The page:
Molecular assessment of complex microbial communities degrading long chain fatty acids in methanogenic bioreactors

Diana Z Sousa, M Alcina Pereira, Hauke Smidt, Alfons J M Stams, M Madalena Alves
FEMS Microbiology Ecology 2007, 60 (2): 252-65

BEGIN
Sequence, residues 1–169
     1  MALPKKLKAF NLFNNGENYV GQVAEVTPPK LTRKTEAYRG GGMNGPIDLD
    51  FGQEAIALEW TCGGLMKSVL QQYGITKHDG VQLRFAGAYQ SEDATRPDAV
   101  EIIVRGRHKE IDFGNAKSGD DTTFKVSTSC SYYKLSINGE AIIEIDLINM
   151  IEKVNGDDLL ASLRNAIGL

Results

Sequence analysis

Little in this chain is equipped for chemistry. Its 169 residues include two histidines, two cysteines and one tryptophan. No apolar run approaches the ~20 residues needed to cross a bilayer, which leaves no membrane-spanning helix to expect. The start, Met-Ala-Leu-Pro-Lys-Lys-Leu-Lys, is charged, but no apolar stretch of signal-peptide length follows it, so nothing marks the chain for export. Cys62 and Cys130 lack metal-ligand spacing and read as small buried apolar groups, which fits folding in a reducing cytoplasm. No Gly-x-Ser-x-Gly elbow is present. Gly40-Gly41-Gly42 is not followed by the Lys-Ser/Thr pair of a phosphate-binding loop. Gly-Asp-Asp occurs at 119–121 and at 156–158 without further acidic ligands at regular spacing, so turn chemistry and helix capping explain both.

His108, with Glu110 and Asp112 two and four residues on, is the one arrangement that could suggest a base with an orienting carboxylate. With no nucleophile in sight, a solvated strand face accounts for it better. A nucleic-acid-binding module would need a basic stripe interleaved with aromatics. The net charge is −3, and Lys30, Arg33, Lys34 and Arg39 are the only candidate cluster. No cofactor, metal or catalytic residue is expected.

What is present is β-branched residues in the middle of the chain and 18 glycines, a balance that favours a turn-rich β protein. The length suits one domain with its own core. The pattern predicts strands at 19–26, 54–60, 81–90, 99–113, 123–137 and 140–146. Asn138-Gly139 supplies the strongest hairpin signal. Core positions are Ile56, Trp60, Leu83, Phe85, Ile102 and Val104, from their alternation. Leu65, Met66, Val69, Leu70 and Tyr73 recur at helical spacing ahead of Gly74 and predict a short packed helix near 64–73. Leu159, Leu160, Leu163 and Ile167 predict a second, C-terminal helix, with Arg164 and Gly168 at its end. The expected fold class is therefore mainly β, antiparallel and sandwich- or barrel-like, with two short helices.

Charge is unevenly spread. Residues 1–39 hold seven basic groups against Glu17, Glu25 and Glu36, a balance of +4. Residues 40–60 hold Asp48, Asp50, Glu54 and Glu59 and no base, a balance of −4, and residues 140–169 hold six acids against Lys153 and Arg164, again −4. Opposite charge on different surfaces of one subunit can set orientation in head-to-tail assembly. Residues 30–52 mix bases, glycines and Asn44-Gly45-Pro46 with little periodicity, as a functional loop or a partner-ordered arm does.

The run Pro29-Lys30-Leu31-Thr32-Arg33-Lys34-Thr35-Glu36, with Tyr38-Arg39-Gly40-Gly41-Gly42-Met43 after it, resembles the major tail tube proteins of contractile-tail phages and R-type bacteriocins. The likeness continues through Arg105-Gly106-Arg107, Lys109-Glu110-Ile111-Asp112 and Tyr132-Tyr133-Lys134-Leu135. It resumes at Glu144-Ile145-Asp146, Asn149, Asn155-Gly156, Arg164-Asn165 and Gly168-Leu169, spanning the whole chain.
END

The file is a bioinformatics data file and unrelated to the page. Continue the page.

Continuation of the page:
Microbial diversity of anaerobic sludge after extended contact with long chain fatty acids (LCFA) was studied using molecular approaches. Samples containing high amounts of accumulated LCFA were obtained after continuous loading of two bioreactors with oleate or with palmitate. These sludge samples were then incubated in batch assays to allow degradation of the biomass-associated LCFA. In addition, sludge used as inoculum for the reactors was also characterized. Predominant phylotypes of the different samples were monitored using denaturing gradient gel electrophoresis (DGGE) of PCR-amplified 16S rRNA gene fragments. Fingerprinting analysis showed changes in bacterial and archaeal communities during LCFA accumulation and degradation. Full-length 16S rRNA gene sequences of 22 clones, representing the predominant bacteria and archaea, were determined. Most bacterial clones (80%) clustered within the Clostridiaceae. Two major groups of methanogens were identified: hydrogen- and formate-utilizing organisms, closely related to Methanobacterium, and acetoclastic organisms closely related to Methanosaeta and Methanosarcina. Quantification by FISH and real-time PCR showed that the relative abundance of archaea increased during degradation of biomass-accumulated LCFA. These results provide insight into the importance and dynamics of balanced communities of bacteria and methanogens in LCFA-accumulation/degradation cycles.


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